Our Whatcom County concrete installation team occasionally gets asked questions about concrete. In no particular order, here are a few recent questions and answers.

What is the difference between concrete and cement? The two terms are often conflated, but cement is actually an ingredient of concrete. Portland cement, as it’s called, is combined with water to make a paste that blends with sand and rock to form concrete. Through the process of hydration, the cement, water and aggregate harden into the solid construction material we know and love. Cement itself is formed from a chemical combination of calcium, silicon, aluminum, iron and other ingredients.

Pervious concrete installation at the Anacortes ferry terminal.

Does pervious concrete really work? You bet it does. Custom Concrete has been installing pervious concrete in Whatcom and Skagit counties for years now, and we’ve seen first-hand how it acts both as a solid surface for walking and driving but also as a porous surface that lets water filter right into the ground below. It’s a pretty cool technology, actually — not only does pervious concrete prevent runoff, but it helps filter out pollutants that would otherwise enter the water system.

Why does concrete crack? There are a lot of reasons that concrete could crack. Initially, it could be because the concrete dries too quickly, there’s too much water in the mix or expansion joints weren’t installed properly. That’s why it’s important to hire an experienced concrete contractor who knows just the right amount of water for the type of concrete being mixed and how to pour the concrete to avoid cracking. Over time, tree roots could grow under the concrete and push up, resulting in stress on the concrete and eventual cracking. Settling in the ground underneath the concrete also can result in cracks if the concrete settles unevenly.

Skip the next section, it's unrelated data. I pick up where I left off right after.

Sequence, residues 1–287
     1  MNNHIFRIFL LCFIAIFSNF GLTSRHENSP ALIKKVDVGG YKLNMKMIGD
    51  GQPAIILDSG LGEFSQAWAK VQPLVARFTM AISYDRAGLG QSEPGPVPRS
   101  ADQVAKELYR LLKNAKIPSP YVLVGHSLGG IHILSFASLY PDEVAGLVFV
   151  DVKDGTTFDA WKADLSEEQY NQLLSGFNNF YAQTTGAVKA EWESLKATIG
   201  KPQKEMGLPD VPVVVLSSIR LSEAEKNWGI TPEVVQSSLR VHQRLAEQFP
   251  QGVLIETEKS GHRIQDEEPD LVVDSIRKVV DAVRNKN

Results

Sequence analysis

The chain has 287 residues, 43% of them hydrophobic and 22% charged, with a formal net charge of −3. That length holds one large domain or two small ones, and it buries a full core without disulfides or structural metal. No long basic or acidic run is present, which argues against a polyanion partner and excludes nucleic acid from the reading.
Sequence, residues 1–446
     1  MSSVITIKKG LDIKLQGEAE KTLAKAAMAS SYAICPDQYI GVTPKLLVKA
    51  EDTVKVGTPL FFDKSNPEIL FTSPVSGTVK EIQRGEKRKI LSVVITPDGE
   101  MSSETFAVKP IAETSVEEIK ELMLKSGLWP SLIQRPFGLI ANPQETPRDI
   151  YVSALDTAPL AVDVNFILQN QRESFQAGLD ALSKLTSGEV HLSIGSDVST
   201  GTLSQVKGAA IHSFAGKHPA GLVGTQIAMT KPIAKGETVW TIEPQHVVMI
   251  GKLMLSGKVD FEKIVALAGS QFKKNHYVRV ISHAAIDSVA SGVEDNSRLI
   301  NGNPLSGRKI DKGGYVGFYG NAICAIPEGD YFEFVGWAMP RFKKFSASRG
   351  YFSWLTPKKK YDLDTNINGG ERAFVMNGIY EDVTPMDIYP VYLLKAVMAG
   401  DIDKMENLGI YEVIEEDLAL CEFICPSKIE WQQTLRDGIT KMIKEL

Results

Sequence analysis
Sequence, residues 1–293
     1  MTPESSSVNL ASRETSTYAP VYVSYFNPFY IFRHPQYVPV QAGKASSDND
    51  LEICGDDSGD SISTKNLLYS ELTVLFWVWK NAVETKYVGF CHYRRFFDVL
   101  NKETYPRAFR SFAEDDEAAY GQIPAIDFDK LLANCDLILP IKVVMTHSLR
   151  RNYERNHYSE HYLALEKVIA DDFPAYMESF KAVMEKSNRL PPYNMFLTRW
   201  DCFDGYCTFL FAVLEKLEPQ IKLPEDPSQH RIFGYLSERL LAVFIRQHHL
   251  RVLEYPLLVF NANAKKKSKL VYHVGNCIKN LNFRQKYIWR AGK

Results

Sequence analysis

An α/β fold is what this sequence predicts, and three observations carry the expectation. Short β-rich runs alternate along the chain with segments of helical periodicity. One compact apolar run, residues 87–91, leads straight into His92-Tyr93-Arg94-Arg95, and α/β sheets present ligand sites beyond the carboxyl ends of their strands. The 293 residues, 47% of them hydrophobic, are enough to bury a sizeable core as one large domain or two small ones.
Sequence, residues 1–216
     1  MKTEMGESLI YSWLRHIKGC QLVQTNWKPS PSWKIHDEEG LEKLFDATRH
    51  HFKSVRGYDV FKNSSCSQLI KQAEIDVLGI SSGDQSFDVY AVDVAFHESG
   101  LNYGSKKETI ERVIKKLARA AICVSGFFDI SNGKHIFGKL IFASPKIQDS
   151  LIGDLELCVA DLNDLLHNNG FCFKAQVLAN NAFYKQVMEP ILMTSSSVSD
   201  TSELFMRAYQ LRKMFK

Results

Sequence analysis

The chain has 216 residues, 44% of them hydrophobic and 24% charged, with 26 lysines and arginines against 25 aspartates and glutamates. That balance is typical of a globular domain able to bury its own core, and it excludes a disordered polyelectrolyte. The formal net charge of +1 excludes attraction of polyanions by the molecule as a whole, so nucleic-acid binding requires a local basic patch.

What are the yellow dots on the sidewalk? Those are called truncated domes, and they’re there to warn people with limited vision of the intersection between the sidewalk and the street. These flat-topped domes, meant to be detectable by canes or underfoot, are a requirement of the Americans with Disabilities Act, and they help keep people in our Whatcom County community safe.

How do you get the red brick pattern on traffic circles? Those are cool looking, aren’t they? They’re formed by using special pattern stamps on colored concrete. In addition to those brick or cobblestone patterns, Custom Concrete Contracting also can do a number of other designs on patios, driveways and the like.

Custom Concrete Contracting employs a crew of experienced, professional concrete contractors who can help get your job done right, the first time. We’re hiring, too, so please reach out to us if you’re looking for a great, family-wage career.